A Closer Look at How You Can Benefit from Archiving the Right Way

Information management challenges exist when you begin an email retention policy project because it can mean changes for the way people interact with their email. These projects often contain several complexities including keeping end-users in compliance with the policy and keeping mail quotas from continually reaching the limit. As you consider these many complexities, remember a rule-based, server side archiving system may be the solution to serve all stakeholders, while achieving a sizeable ROI. Independent consultant, Rob Axelrod digs deeper into this topic in part two of his three-part series entitled, “Deriving ROI from your Domino Archiving Environment.”


DERIVING ROI FROM YOUR DOMINO ARCHIVING ENVIRONMENT, PART 2

By Rob Axelrod

The question of whether to and how to archive, and where its benefits are, is bound up in three areas: compliance, user productivity, and server/client performance. Here, in Part 2 of my three-part article, I delve deeper into compliance and cover the significant opportunities for ROI around compliance when you implement a powerful, rules-based archiving system in your environment.

Imagine this scenario: A company’s legal department has developed a document retention policy that contains the following key rules:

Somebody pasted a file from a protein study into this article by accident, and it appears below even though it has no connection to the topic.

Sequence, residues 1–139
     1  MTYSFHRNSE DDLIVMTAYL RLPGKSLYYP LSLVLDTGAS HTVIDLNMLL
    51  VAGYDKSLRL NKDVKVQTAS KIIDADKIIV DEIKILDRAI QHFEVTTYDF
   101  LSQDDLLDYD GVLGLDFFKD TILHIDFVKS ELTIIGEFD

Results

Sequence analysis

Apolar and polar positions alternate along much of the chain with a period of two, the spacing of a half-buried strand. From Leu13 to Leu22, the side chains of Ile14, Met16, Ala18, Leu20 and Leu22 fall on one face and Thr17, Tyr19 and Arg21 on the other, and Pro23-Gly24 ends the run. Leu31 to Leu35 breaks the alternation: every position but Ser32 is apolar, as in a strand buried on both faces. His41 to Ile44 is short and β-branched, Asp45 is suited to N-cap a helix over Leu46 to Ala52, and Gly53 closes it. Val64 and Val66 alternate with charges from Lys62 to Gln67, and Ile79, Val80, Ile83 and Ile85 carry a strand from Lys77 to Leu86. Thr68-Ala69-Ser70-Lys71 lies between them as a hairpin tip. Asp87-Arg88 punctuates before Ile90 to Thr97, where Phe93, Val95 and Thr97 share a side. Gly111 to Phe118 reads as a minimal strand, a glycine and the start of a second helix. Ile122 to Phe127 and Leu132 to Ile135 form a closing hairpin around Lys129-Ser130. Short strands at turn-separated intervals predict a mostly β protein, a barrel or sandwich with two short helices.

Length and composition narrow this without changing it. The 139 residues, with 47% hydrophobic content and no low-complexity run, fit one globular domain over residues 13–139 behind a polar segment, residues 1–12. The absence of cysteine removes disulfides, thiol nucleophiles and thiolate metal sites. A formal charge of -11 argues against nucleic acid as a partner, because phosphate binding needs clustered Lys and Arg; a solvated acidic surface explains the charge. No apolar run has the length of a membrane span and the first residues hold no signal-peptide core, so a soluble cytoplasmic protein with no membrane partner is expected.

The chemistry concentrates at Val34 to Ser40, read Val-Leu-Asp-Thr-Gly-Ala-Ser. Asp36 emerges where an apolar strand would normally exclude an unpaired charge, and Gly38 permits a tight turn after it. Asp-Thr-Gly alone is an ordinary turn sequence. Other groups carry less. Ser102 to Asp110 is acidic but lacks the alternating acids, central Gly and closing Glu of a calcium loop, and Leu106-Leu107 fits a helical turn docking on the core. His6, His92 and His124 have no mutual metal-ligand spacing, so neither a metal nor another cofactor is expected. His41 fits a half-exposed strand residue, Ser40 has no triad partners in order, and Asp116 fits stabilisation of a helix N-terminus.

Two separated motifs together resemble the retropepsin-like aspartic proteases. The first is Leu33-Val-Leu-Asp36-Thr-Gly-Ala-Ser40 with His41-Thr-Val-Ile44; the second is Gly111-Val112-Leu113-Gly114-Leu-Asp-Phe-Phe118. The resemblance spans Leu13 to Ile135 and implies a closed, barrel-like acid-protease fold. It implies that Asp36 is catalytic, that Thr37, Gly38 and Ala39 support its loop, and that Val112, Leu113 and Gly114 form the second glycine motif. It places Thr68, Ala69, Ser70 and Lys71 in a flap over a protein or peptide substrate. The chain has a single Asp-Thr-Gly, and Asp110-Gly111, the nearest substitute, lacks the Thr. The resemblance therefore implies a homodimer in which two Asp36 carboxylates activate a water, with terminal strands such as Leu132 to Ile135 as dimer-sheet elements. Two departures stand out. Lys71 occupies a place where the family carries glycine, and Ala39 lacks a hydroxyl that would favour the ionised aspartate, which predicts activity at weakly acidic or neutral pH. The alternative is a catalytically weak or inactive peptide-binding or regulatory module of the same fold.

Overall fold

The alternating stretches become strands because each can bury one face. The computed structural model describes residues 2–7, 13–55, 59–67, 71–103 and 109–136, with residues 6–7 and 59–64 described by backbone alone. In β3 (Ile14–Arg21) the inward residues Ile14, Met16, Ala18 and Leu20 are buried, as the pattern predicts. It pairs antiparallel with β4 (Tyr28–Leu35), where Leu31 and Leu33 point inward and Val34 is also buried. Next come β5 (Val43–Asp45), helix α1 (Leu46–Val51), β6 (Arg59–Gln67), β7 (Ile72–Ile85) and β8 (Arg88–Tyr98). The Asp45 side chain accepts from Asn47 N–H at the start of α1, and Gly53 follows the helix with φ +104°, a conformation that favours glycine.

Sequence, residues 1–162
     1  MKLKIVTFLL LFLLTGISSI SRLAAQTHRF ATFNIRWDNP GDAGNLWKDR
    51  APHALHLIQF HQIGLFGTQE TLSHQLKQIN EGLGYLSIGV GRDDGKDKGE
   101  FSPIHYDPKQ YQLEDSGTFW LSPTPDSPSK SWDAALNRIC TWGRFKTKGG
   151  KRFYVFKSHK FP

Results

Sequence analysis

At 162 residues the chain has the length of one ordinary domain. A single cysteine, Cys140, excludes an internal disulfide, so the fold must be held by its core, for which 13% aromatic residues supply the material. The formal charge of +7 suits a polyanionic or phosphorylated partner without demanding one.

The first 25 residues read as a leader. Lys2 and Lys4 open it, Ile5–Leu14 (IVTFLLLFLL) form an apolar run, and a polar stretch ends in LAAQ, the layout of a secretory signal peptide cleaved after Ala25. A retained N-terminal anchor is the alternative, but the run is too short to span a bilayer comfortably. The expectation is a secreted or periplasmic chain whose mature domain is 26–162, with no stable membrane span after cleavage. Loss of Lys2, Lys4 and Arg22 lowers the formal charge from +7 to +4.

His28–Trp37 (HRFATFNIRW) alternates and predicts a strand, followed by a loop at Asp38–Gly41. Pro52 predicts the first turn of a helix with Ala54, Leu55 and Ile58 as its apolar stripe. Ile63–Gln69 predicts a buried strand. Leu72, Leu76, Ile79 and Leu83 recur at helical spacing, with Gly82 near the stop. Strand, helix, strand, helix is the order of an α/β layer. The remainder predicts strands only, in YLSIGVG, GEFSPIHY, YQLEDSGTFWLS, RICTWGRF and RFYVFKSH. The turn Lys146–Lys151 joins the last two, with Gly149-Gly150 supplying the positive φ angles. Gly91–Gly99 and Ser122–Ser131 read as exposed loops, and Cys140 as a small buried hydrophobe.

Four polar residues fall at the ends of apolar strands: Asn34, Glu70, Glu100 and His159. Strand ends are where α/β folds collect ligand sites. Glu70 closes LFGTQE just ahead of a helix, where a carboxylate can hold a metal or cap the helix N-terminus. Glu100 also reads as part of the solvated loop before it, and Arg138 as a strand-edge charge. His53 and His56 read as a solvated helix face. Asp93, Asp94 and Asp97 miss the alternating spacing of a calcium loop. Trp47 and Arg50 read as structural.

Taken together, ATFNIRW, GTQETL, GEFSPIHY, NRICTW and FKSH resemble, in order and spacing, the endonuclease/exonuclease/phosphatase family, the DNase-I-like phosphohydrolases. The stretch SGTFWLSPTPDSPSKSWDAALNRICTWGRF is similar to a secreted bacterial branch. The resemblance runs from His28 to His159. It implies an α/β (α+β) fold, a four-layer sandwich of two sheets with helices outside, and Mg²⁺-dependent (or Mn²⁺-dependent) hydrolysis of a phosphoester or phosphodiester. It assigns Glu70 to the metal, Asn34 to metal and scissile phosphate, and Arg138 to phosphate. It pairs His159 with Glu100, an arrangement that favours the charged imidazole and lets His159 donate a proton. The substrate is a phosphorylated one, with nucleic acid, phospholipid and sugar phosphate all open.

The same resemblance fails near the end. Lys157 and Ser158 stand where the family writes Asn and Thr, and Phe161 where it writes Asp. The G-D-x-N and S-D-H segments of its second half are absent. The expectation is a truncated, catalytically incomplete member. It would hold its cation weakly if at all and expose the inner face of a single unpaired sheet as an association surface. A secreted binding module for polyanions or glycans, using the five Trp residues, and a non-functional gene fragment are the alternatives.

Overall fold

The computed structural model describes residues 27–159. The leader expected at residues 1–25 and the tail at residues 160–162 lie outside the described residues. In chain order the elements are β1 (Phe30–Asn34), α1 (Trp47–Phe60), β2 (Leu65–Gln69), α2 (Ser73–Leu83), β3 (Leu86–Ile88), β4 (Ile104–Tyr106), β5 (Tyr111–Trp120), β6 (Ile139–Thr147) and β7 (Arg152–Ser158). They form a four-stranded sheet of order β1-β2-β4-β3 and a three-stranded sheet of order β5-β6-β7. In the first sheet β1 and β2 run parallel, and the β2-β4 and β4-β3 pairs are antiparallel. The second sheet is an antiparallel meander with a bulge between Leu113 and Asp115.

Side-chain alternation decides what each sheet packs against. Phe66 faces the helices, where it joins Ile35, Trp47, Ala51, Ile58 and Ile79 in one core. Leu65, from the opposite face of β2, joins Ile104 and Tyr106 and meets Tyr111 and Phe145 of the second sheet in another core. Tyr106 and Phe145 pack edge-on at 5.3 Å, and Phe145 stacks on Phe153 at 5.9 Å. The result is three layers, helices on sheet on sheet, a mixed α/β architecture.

• All emails that are not considered official business records should be deleted within 90 days.
  • Anything that is deemed a standard business record needs to be retained for a minimum of a year and in some cases longer, depending on the nature of the document. Once that time has elapsed, these documents should be deleted as well.
  • These rules are documented and users are expected to read and comply with them.

Seems simple enough, right? All you would need to do is implement a tool that would allow users to flag the official records, and then have a process that would delete any documents that were either not marked as such or that were older than 90 days. Here is the catch: What if this company also had mail quotas where users were running up against the limit on a regular basis because of the quantity of mail that they received? What would users do to stay under the limit? They could delete documents, including ones that the policy designated should be retained, but that would significantly impact their productivity because they need those documents for their work.

In reality, the user’s solution was to use the local archiving feature of Notes to move their documents into a local lotus archive. Since it would be tedious to select individual documents to archive, most users would just schedule archiving to move all documents older than 60 days into their local archives. This created a compliance situation that was the worst of all worlds:

  • Documents were being moved to the local archive before the server-based document management agents could prune the mail files.
  • Users would never manually prune their local archives, so documents that should have been deleted were effectively retained forever.